Like David Edelstein, I have neither expertise nor desire to speculate on the cause of David Carradine's death, but I wanted, belatedly, to second his description of the late star's unique brand of cool:

His vaguely Asian physiognomy made him suited to kung-fu and Zen masters, and his acting had that same alert detachment. You rarely got the sense that his roles cost him emotionally: Unlike his brother, Keith, who has been known to take risks, David had an inviolable sphere of privacy. But he never condescended to his material, even when it was risible, and his amusement was contagious.... David Carradine didn’t seem given to advance planning, career calculation, control. He was the anti–Tom Cruise.

Colleague Henry Riggs points out that David Carradine was #5 on the exhaustive "Center of the Hollywood Universe" list at The Oracle of Bacon. That is to say that, according to the site's algorithm, he is the fifth-easiest actor to connect to other performers in "Six Degrees of Kevin Bacon" fashion. Number one, appropriately enough, is Dennis Hopper; Bacon himself, ironically, clocks in all the way down at #507, between Harry Carey Jr. and Saul Rubinek.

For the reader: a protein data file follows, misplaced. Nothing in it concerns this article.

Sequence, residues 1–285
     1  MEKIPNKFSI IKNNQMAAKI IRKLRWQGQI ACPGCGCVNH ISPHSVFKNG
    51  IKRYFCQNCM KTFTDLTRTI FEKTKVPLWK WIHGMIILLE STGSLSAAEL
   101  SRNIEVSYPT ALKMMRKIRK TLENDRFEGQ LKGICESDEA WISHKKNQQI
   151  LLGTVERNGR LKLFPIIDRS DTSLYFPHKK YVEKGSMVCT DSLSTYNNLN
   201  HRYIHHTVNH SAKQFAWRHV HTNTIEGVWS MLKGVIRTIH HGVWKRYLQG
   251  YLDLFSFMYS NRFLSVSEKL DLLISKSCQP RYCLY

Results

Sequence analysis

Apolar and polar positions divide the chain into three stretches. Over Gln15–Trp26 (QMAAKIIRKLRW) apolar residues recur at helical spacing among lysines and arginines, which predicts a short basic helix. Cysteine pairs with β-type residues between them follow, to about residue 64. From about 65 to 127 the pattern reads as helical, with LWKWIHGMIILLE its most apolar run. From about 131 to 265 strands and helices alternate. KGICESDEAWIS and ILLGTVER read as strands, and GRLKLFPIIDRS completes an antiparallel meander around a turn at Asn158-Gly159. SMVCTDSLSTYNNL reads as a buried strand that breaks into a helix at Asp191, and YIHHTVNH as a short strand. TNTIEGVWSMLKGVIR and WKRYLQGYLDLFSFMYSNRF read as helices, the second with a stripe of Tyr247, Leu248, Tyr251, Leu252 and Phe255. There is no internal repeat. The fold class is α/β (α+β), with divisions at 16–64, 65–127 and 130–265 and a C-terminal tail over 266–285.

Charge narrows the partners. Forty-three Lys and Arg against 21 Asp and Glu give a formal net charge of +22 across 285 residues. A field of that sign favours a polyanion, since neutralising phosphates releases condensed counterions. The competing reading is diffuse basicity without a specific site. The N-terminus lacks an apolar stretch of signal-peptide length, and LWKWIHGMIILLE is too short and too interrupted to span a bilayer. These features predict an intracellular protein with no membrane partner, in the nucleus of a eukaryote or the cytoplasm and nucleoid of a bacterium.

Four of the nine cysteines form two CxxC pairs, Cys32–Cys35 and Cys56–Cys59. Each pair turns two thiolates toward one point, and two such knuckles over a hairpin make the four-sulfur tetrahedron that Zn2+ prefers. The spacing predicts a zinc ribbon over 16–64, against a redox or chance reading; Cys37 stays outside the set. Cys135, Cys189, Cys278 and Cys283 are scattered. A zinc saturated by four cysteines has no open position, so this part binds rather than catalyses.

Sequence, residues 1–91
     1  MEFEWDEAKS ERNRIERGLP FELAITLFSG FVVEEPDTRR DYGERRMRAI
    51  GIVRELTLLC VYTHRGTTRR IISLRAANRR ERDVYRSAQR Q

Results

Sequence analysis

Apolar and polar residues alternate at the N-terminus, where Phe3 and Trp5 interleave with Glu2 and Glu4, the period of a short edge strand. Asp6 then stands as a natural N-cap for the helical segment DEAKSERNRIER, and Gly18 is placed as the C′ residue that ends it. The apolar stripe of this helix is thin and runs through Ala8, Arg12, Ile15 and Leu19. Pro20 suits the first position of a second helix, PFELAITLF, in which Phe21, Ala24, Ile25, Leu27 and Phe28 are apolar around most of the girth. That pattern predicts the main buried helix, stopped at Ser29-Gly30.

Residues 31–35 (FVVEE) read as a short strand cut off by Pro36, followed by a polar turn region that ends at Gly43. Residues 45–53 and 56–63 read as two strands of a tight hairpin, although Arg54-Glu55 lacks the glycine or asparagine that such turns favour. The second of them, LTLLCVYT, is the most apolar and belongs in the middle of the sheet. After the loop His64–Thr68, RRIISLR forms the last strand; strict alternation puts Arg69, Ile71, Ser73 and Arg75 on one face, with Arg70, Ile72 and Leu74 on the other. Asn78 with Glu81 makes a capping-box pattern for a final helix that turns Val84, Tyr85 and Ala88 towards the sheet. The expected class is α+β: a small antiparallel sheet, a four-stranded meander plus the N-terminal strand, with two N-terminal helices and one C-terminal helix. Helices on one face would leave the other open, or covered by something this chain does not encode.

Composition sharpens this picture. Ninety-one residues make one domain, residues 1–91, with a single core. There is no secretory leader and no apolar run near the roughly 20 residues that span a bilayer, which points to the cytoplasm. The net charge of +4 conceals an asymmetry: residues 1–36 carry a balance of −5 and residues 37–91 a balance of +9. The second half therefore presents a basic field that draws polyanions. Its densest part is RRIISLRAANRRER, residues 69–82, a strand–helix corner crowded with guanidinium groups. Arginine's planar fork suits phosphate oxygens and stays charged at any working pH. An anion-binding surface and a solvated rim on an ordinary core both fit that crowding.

As Henry notes, the list essentially measures longevity and an inclination never to turn down work--both family traditions for the Carradines, with father John joining the list at #143 and brother Keith at #199. David Carradine may not have appeared in many great films, but he appeared in a great many and, in my experience, they never suffered from his presence. Rest in peace.

--Christopher Orr